How has Covid affected mums in higher education?

How has Covid affected mothers in higher education? A new survey highlights the impact amid fears about the longer-term effects on women’s career progression.

Higher education, degree


Women working in the public sector – where they dominate – have had to keep going throughout the pandemic and in many cases their workload increased. What impact has that had on mums who tended to shoulder the majority of the childcare burden and how could it affect their careers? How has Covid affected mums in higher education?

The Durham University Mothers-and-Mothers-to-be Support Network (MAMS) carried out a nationwide survey of 2,888 mums in higher education which showed three quarters said their workload increased during the pandemic and 84% were having to work early, late or at weekends to keep up. This was at a time when many were also having to homeschool or look after children at home.

Although some university staff were considered critical workers with access to nursery and school places, this was by no means all and some parents were worried about sending their children as the virus spread, wraparound and specialist care was often not available and children were being sent home to isolate if they or another member of their bubble became infected.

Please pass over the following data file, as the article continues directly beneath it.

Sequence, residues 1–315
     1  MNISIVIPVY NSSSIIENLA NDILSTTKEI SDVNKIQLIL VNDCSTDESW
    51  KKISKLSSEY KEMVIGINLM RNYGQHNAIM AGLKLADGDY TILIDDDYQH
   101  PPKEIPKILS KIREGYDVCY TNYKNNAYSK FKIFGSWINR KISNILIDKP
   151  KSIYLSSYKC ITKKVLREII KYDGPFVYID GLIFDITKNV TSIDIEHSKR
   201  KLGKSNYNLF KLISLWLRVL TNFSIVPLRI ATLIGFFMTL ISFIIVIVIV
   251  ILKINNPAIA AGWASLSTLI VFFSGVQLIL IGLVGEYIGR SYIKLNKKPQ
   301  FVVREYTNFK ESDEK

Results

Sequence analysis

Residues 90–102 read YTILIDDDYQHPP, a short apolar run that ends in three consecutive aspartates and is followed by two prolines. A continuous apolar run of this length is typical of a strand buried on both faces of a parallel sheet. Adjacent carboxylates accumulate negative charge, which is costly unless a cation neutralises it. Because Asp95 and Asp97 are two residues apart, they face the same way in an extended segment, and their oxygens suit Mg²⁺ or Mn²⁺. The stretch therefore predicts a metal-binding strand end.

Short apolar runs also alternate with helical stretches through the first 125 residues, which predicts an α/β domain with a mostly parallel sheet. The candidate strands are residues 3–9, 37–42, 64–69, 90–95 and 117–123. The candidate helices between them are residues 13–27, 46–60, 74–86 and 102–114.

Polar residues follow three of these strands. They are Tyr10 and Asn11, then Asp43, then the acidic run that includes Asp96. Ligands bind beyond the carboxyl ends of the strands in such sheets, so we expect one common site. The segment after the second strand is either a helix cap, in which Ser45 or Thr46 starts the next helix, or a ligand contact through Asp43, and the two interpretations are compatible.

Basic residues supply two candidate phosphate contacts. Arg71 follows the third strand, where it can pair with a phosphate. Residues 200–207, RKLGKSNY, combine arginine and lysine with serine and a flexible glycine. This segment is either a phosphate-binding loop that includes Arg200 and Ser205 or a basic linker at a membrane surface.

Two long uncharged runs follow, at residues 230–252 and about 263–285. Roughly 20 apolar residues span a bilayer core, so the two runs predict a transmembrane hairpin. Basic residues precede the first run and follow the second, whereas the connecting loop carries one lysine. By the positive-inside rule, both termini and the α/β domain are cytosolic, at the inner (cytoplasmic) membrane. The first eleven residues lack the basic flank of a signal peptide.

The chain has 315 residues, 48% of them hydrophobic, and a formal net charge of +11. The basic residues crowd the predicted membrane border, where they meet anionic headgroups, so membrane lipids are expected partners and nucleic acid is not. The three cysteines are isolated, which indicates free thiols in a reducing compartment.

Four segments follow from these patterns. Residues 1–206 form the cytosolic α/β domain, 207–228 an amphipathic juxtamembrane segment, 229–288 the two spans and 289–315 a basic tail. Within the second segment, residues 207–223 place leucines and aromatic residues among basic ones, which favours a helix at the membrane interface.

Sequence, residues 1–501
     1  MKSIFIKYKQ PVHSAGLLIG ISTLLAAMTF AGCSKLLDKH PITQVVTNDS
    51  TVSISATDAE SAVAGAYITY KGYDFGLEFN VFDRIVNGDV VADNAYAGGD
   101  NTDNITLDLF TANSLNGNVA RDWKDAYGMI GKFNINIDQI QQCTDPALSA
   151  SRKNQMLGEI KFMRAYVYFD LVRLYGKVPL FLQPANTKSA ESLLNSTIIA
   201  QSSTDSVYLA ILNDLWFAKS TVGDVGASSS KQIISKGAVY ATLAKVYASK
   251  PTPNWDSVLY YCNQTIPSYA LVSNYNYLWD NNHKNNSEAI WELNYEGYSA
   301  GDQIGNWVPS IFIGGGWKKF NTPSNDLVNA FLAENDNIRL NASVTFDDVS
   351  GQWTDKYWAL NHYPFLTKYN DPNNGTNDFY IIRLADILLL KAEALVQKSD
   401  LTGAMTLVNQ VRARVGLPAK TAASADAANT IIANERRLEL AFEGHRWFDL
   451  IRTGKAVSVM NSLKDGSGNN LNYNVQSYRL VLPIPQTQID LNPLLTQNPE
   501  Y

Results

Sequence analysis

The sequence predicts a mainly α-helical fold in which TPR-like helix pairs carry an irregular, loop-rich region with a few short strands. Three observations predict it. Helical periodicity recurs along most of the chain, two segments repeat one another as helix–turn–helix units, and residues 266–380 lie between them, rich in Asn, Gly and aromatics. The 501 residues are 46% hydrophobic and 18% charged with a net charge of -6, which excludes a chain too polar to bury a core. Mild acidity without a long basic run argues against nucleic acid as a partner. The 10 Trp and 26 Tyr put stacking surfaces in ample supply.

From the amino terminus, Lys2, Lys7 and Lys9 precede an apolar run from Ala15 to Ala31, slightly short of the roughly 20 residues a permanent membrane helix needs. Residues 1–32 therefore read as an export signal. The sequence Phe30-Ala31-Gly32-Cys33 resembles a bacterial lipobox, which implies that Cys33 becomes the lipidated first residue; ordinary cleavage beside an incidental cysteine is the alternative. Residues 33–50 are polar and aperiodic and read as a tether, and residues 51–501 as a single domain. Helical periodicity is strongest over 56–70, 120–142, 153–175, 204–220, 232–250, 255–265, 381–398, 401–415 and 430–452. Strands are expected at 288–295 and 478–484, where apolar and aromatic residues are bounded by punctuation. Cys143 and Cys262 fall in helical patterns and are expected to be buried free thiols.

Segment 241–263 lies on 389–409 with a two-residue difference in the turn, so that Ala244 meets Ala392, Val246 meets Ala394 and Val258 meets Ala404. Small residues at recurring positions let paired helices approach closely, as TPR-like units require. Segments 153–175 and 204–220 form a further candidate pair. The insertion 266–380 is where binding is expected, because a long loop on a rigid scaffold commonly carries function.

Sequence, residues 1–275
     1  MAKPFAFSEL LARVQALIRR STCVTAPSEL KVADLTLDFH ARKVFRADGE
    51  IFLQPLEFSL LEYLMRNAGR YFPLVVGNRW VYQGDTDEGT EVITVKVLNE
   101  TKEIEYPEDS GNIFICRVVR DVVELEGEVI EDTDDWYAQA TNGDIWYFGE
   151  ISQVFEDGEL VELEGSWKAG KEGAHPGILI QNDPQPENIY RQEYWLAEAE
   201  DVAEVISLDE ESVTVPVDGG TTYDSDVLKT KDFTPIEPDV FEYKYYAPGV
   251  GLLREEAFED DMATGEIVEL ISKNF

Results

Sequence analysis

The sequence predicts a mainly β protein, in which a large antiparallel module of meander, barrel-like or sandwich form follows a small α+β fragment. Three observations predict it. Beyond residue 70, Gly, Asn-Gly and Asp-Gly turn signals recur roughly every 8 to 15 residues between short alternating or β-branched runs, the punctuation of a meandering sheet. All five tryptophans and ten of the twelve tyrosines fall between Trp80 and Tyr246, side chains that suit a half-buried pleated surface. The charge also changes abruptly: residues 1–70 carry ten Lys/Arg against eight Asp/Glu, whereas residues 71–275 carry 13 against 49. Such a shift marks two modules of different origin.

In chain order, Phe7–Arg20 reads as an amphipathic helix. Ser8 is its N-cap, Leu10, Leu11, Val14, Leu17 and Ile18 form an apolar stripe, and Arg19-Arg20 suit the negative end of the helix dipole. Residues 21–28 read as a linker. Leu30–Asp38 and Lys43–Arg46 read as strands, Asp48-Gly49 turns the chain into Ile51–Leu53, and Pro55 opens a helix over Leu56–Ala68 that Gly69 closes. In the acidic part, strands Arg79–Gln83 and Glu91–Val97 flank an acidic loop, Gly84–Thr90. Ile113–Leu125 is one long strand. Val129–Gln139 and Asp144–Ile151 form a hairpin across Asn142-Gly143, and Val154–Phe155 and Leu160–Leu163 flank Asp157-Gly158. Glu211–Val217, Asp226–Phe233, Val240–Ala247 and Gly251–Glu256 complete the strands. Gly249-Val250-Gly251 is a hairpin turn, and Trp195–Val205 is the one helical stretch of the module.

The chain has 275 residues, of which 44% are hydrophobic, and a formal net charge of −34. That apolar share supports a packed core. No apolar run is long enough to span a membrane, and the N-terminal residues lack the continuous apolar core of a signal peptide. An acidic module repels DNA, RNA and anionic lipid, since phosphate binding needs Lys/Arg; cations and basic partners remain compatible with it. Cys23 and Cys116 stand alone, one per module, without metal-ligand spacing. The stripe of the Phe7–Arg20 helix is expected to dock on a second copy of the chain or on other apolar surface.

The survey, which was conducted in March, found that 60% of mums said they did most or all of the childcare and 81% spoke of having their work interrupted by their children [this rose to 86% for mothers of children under 12]. The result was that 67% said their physical health had suffered while 85% said their mental health and wellbeing was negatively affected and a huge 90% said they felt almost constantly exhausted. Sixty per cent said the quality of their work dropped and 74% were unable to complete their work.   

When it came to support, while 69% felt their colleagues were supportive and 67% said their managers were understanding, just 40% said the same about senior managers. Only 18% said their workload had been adjusted due to their caring responsibilities. And when it came to the possible long term impact, 54% felt their career opportunities and milestones had been affected.

So what made a difference?

The survey found compassionate leadership, active communication and understanding as well as flexible working, a wider range of leave options for carers and specific actions such as meeting free Fridays all helped. 

The MAMS Network was set up in 2014 for mothers and expectant mothers so many of its members still have fairly young children. Michelle Dixon, Senior Business Development Manager in the Research and Innovation Services, who co-chairs the network, said: “We were looking at how we could support each other and we wanted to understand what it was like across the sector. We had our own experience and network, but we wanted to get more concrete data that we could use.” 

She says that employee networks that promote mutual dialogue can help to promote a change in attitudes and support for mums.